vSphere 5 VSA – Virtual San Appliance – Part 3

Management and Maintenance

As if getting the VSA installed wasn’t easy enough, VMware has made the VSA virtually (no pun intended) management free.

With your Datacenter selected, simply click back on the VSA Manager tab, and you will be presented with the page below:

In the top window, is the VSA Cluster settings.  All self explanatory here – the IP information your set during setup, and the capacity of your VSA storage.  Above that is “Enter Maintenance Mode”, “Enter Shutdown Mode”.  Clicking these here will put the entire cluster into the selected mode. (more on these modes below).

Next, is the option to view Datastores, VSAs, and a Map of the storage.  In the above image, the Datastores button is selected, showing my Datastores, and all the relative information.  Here, you can see the status of each datastore (online), it’s capacity, used space,  which VSA is exporting it, and it’s NFS information.  (VMware’s VSA uses NFS to export storage, as opposed to HP/Lefthand using iSCSI).  Then, with a datastore selected, you can the rest of the properties below it, including where each replica is. (Remember, you can have up to 3 nodes, so while it seems obvious with 2 nodes that my storage is mirrored on each, with 3 nodes, you will need this info).

By selecting the VSAs tab, we will get our information relating to each VSA, and the ability to put each in Maintenance mode.

Here, you can see that VSA-0 is exporting Ds-1, and holds a replica of Ds-0 – also, you can see which host each VSA is on.  If you need to power down a host, you will want to first put your VSA on that host into Maintenance Mode.

Maintenance Mode:  This will put your VSA, or cluster if selected, into Maintenance Mode.  You will receive a warning that the VSA will no longer be exporting it’s storage (if selecting the cluster, all your VM’s will lose their datastores).  If selecting to put a VSA into Maintenance Mode, the datastore it is exporting will be exported now by the other VSA – since they are replicas of each other.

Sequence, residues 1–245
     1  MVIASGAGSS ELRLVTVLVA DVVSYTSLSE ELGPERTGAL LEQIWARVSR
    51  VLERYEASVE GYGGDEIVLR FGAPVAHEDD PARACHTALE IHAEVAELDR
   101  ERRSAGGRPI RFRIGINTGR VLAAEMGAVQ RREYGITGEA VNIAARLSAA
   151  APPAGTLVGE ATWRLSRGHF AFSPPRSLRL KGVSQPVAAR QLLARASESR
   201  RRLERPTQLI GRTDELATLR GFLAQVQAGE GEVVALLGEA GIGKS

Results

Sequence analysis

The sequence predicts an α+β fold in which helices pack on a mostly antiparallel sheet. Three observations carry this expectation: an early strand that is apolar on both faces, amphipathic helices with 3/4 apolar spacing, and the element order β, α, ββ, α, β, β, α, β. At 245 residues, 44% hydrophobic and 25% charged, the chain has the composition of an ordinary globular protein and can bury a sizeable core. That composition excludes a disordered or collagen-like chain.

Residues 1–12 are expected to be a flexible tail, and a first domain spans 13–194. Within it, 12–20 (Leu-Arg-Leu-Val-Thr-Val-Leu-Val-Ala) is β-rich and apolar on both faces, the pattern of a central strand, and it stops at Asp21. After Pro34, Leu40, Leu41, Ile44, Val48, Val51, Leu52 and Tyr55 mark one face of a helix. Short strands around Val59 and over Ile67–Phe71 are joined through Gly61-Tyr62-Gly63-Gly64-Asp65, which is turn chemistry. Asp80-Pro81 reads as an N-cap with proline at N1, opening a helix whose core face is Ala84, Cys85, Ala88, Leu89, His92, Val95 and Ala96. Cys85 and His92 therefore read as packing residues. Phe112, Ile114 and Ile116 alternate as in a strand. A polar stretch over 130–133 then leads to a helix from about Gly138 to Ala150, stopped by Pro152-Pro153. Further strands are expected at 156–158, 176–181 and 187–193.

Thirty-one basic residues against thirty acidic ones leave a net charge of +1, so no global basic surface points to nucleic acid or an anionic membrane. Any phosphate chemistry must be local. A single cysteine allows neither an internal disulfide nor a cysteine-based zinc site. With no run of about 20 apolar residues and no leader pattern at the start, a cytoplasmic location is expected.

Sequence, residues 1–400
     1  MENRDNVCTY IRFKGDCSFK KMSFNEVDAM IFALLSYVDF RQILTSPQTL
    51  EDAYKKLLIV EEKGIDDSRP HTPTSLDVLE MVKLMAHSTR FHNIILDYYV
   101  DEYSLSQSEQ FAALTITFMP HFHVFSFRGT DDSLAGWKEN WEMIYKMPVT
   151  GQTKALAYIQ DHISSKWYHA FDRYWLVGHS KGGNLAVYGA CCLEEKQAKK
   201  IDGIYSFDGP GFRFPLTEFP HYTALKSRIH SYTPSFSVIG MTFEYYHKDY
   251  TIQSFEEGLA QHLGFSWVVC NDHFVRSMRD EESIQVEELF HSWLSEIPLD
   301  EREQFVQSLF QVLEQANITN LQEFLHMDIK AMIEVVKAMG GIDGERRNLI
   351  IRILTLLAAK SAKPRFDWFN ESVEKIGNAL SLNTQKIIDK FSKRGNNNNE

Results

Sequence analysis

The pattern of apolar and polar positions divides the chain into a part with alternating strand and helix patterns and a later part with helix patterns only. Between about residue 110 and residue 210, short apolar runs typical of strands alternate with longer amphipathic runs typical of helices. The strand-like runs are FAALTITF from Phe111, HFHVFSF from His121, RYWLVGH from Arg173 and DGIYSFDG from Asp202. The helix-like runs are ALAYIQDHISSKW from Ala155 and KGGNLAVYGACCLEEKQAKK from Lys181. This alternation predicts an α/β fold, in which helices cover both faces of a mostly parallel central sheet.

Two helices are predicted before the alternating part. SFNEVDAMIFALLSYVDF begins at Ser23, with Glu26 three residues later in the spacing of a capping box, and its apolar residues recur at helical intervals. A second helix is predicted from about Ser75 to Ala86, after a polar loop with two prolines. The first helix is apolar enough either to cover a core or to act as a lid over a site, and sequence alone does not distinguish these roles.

Now with VSA-1 in Maintenance Mode, our VSA cluster shows Degraded. You can see that both Datastores are now exported by VSA-0.  We can now put our Host into Maintenance Mode to vMotion all VM’s to the other host.  Once done with your maintenance, and the host is back online, simply select “exit Maintenance Mode” to bring your VSA back online and up to date with the replica.

It really is that simple.

Now, for some interesting facts…

  • With VMware’s VSA, each datastore is exported by only one VSA.  Even though the datastore has a replica, that replica does not handle any storage i/o for the VMs.
  • VMware VSA uses NFS to export it’s storage to the hosts, not iSCSI.

So, is VMware’s VSA right for you?  If you are a SMB, maybe…  see Justin’s post to see it compared to the HP VSA price-wise.

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